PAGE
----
The share of electric utilities' output that goes to power air-conditioning has escalated relentlessly over the past decade and a half. The resulting greenhouse emissions are expected to make the outdoor climate harsher in coming decades. More hot weather will stimulate even greater demand for air-conditioning, resulting in the combustion of even more fossil fuels and further rounds of warming.
Partly as a result, the US Global Change Research Program and the Environmental Protection Agency expect the death rate from summer heat waves to rise steeply between now and 2050. (1) Accordingly, air-conditioning is being viewed less and less as an amenity and more as a life-support system. But even though air-conditioning has helped reduce death rates during heat waves over the past half-century, it has not eliminated them. Heat remains the nation's leading cause of weather-related mortality. Meanwhile, in many ways, air-conditioning has been playing a leading role in the distortion of American society for decades.
Many who die from heat stress don't have air-conditioning or cannot afford to run it, but that's only part of the story. Just as important are the generally harsh conditions under which heat-wave victims often live. They typically suffer and die in economically forgotten, concrete-rich, vegetation-free stretches of large, mostly northern cities. The nature of the surrounding community can be a matter of life and death in a heat wave. A study by the Midwestern Climate Center found that "features of neighborhoods on a relatively small geographic scale (e.g., amount of pedestrian traffic, small shops, public meeting places) affect survival rates [positively]." The researchers also suggested that in such areas, fear of crime makes already vulnerable people, especially older people, reluctant to leave doors and windows open or to go outdoors in the cooler evening hours. (2)
Christian Warren, an associate professor at Brooklyn College specializing in the history of US public health and medicine, told me he is troubled by our reliance on climate control as a remedy for ills that run much deeper: "Now you see air-conditioning pitched in the medical literature as an environmental justice issue, because it can save lives during heat waves. But they aren't asking what really kills people. What about isolation, economic stress, crime, and paranoia about crime? You can easily imagine a couple staying shut away in their air-conditioned apartment during a hot spell, uninterested in checking on their elderly next-door neighbor, who could be dying of heat stroke."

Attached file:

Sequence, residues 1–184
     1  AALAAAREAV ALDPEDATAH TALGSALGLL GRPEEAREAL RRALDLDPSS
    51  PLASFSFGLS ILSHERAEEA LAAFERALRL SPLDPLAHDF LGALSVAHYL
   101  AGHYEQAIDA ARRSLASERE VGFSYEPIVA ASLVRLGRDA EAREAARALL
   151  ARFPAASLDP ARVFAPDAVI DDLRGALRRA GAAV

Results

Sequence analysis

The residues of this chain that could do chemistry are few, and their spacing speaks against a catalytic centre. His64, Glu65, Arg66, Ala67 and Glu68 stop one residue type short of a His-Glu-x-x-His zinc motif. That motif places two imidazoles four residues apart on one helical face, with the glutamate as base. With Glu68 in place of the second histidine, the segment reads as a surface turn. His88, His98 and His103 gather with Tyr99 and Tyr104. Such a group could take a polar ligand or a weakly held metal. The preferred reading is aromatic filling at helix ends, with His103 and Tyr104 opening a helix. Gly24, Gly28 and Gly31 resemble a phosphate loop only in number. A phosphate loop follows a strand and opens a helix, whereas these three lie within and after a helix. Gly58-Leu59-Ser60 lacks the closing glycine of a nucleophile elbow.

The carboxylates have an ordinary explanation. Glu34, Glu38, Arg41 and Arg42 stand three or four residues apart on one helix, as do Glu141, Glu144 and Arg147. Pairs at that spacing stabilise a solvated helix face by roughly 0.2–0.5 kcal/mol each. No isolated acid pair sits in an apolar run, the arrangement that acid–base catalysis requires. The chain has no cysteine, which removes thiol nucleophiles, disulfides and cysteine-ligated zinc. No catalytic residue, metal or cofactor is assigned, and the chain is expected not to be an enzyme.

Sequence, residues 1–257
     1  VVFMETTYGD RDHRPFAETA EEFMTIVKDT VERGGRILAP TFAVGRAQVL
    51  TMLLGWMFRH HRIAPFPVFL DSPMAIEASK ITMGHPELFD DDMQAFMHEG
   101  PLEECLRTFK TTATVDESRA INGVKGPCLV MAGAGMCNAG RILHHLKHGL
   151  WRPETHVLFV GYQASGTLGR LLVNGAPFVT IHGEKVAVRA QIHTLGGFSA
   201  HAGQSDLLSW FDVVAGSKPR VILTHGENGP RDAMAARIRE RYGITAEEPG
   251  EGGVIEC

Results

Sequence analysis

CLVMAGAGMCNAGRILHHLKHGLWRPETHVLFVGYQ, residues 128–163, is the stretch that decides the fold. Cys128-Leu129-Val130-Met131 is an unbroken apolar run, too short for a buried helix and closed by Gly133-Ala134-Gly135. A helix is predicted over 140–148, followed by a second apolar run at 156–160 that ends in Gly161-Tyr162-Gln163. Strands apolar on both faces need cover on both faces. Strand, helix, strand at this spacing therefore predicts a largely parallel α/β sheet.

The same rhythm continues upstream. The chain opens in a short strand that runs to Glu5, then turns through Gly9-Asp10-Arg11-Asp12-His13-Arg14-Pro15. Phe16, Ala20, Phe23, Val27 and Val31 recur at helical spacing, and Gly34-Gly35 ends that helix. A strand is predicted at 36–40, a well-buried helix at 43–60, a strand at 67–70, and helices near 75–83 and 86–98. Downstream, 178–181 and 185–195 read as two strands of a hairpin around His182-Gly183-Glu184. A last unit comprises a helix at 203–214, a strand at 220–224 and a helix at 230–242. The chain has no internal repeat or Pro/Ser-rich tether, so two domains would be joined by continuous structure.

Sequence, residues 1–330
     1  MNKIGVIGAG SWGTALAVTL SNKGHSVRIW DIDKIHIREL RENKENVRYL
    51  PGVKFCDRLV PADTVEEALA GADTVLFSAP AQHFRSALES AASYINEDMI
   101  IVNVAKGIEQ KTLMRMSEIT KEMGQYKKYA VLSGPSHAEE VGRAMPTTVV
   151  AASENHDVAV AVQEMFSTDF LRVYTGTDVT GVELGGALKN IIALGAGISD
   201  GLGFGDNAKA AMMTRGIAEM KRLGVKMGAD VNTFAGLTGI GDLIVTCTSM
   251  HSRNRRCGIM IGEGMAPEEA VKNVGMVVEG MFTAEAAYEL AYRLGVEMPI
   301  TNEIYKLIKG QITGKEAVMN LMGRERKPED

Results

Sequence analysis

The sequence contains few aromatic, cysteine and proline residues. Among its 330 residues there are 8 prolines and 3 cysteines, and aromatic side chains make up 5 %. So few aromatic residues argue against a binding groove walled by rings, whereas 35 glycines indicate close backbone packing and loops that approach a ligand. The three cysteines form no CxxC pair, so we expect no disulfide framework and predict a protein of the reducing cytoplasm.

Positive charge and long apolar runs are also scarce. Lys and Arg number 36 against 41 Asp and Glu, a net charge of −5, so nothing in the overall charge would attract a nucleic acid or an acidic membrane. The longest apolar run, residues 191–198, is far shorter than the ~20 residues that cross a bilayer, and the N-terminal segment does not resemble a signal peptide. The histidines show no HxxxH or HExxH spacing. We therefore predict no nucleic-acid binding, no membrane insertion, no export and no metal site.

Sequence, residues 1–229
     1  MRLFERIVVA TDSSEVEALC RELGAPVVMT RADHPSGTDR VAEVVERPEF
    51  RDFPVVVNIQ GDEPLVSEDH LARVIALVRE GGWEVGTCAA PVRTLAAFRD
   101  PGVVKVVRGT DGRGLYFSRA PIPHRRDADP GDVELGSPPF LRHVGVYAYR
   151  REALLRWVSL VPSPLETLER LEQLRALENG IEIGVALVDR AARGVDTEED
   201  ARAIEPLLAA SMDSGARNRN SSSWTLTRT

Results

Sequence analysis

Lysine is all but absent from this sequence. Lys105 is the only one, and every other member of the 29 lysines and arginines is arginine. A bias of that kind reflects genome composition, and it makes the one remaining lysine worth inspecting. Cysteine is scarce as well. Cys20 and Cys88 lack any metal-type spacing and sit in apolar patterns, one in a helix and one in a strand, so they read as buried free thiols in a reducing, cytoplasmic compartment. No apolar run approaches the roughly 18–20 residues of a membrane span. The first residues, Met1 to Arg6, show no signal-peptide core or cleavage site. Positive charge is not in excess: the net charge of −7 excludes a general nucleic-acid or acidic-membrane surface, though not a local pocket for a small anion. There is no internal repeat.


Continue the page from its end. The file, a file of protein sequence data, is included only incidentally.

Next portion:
The quest for control of the summer climate took off a half century ago in the warm, muggy South. By the 1980s, air conditioning had thoroughly transformed the region's culture, leading Southern historian Raymond Arsenault to opine that "General Electric has proved a more devastating invader than General Sherman." (3)
One of the most striking changes, noted Arsenault, was a sharp decline in "human interaction with the natural environment." For evidence, he wrote, "one has only to walk down almost any Southern street on a hot summer afternoon, listen to the whir of compressors, and look in vain for open windows or human faces." In the quarter-century that followed, air conditioning spread most quickly through regions far from the Sunbelt. In New England, for example, only 41 % of homes had air conditioning in 1993, whereas more than two-thirds have it today.
An ill wind
Today, in much of the country, it's hard to imagine life before air-conditioning. The idea that our society should become less dependent on climate control can seem radical, even absurd. But the post-air-conditioned world need not be one of malaise, poor health, social...